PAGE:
• 7. What is a rubric?• A rubric is a lesson in quality.• A public declaration of expectations.• A communication tool.• A self-assessment tool for learners.• A gauge for examining performance.• A self-fulfilling prophecy.
    • 8. What Can You Assess with a Rubric?• Projects• Essays• Research Papers• Lab Work• Discussions• Presentations• ePortfolios• ….
    • 9. Let’s Share• Can you list an idea?
    • 10. The parts of a rubric: R u b r icS t a n d a r d s o f E x c e l le n c e C r it e r ia I n d ic a t o rs
    • 11. Standards of Excellence• Degrees of quality• Even number• Language or numbers• Weighting
    • 12. Criteria• The specific areas for assessment.• Focus areas for instruction.• Clear and relevant.• Age appropriate.• Form and function represented.
    • 13. Indicators• Descriptors of level of performance for the criteria.• Clear, observable language.• Clear to the learner.• Examples for learners.
    • 14. Problems with current practice• Consistency• Accuracy• Clarity• Utility• Power• Intent
    • 15. The Whole is the Sum of Its Parts• P = parts• W = whole• P+P+P=W
    • 16. How do rubrics alter instruction?• The teacher commits to teaching quality.• The teacher commits to assisting the student self-assess.• The focus is on each product and/or performance.• The labels are removed from students.• Specificity appears in all communications.• Everyone gives and receives feedback.
    • 17. Whom does a rubric assist?• It is a feedback system for students to judge a product or performance.• It is a feedback tool for teachers to provide clear, focused coaching to the learner.• It is a system that promotes consistent and meaningful feedback over time in a building and between buildings.• It is a communication tool for parents.
    • 18. Issues for implementation:• Special populations.• Applications for teaching “criteria”.• Developmental rubrics.• First and second draft.• Consistency across grades/departments.• Changing tasks.• Weighting for grades.• Report cards.
    • 19. Developing a Rubric with My Students:• Based on background of students for the particular work.• Examine professional criteria.• Focus on specific criterion.
    • 20. What makes a quality RUBRIC?• Clear essential • If points… clear to criteria. students upfront.• Realistic number of • The sequence of criteria. criteria is• Explicit, observable deliberate. indicators. • High interjudge reliability. • Tested out with students.
    • 21. Skills for Implementation• Knowledge and experience with specific skill• Practice with rubric• Objectivity• Presentation of rubric in advance to be sure all participants understand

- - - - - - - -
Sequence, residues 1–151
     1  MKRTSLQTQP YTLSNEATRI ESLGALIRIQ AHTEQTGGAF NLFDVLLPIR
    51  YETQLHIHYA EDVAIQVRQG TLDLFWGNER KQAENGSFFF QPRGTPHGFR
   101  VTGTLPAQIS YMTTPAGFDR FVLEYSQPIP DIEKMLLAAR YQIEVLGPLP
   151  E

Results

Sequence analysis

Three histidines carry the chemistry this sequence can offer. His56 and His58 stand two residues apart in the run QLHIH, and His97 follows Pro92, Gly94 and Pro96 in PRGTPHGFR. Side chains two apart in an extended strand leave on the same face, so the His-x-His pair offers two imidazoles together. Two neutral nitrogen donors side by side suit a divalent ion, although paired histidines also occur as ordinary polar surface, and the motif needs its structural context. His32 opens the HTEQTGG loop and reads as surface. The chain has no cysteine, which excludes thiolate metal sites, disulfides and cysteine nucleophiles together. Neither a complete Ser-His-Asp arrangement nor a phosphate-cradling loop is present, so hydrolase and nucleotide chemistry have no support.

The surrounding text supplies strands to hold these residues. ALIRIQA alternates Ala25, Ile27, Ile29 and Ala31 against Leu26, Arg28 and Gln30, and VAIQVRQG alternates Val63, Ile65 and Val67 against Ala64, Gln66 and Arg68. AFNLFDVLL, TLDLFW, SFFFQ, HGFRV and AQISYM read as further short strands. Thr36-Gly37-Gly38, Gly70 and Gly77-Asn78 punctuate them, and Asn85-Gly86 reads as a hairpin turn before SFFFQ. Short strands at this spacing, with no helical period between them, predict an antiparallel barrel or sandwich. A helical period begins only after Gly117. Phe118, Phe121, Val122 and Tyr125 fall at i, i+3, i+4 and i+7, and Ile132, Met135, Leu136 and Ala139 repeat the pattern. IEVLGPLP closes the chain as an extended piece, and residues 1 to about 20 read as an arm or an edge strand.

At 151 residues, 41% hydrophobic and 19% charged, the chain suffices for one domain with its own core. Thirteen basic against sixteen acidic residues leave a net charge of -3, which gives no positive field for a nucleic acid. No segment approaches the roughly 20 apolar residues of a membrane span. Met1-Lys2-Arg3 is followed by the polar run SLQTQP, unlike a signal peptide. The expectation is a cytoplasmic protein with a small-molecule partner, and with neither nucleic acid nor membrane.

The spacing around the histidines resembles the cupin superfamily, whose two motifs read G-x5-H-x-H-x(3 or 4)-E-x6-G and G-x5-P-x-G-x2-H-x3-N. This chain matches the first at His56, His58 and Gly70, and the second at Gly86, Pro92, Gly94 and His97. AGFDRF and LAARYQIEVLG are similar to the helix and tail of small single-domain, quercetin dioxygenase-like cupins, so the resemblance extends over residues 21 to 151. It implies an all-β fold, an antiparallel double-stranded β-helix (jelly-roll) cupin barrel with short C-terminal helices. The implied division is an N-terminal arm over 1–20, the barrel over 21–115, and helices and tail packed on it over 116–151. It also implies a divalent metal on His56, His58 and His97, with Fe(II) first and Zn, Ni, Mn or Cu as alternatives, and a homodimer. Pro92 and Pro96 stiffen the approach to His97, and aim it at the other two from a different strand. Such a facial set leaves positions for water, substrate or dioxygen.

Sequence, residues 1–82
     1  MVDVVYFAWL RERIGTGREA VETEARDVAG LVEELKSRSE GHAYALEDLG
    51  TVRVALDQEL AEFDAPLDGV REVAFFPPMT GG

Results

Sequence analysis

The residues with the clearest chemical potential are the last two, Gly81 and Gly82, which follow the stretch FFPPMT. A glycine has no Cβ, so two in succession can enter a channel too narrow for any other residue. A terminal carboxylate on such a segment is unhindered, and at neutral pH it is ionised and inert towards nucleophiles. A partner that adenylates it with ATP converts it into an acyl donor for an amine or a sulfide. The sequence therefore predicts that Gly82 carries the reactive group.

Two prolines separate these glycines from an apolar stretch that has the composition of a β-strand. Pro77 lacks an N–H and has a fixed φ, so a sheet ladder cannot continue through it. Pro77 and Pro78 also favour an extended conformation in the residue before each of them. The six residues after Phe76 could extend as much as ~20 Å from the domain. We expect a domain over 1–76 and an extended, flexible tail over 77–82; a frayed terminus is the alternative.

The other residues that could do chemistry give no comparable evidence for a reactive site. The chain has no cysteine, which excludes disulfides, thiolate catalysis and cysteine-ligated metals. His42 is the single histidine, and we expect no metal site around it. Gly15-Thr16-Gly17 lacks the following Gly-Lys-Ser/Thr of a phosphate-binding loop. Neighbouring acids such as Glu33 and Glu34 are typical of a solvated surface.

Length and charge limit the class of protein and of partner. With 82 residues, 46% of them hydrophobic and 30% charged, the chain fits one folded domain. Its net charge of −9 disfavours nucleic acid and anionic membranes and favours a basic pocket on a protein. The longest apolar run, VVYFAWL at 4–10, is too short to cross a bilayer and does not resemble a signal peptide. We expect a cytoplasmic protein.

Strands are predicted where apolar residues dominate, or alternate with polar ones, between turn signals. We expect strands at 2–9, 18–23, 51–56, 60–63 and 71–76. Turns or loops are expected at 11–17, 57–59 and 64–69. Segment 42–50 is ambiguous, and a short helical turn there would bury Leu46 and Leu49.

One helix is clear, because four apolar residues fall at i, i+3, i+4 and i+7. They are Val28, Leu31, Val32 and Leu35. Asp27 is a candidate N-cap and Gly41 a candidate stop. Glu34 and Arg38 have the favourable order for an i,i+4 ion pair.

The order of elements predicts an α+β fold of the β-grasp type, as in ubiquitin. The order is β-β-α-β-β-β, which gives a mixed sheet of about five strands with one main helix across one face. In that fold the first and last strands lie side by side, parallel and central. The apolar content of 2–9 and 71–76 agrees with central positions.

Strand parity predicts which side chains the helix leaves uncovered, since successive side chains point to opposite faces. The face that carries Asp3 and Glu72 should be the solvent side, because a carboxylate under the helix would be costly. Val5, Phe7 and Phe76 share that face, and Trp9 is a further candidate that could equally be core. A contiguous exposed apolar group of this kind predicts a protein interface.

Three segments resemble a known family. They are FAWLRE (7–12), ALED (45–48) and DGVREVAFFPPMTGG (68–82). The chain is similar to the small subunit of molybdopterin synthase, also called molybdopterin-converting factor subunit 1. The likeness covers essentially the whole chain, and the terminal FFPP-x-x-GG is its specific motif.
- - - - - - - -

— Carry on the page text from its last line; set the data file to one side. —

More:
• 22. How do I get started?• Critique current models.• Ask students to define “quality” in relation to specific product or performance.• Translate into a modest rubric.
    • 23. Okay Now for Bb!1. How should I prepare for creating a rubric in Blackboard?2. How do I enter a rubric in Blackboard?3. How do I edit the Rubric Grid?4. How do I associate a rubric with an5. assessment?6. How do I grade with rubrics?7. How do I view a Rubric Evaluation Report?
    • 24. Creating a Rubric in Blackboard How do I enter a rubric in Blackboard? 1. Control Panel > Course Tools > Rubrics 2. Click on Create Rubric button.
    • 25. Creating a Rubric in Blackboard
    • 26. Creating a Rubric in Blackboard
    • 27. Blackboard Rubric Example
    • 28. Rubrics On Line• Rubistar: http://rubistar.4teachers.org• RCampus - iRubric tool:http://www.rcampus.com/indexrubric.cfm• Rubric Builder: http://landmark-project.com/rubric_builder/index.php• Teachnology Rubric Generator: http://www.teach-nology.com/web_tools/rubrics/gener
    • 29. Other Tools of Interest and Ideas• roobrix: A Grading Tool Converting a rubric score to a percent grade: http://roobrix.com/• Using MS Excel and formulas• Allen, D., & Tanner, K. (2006). Rubrics: Tools for Making Learning Goals and Evaluation Criteria Explicit for Both Teachers and Learners. CBE— Life Sciences Education, 5, 197–203.
    • 30. Questions and Comments
    • 31. Thank You!• Online Evaluation – Please be sure to take the evaluation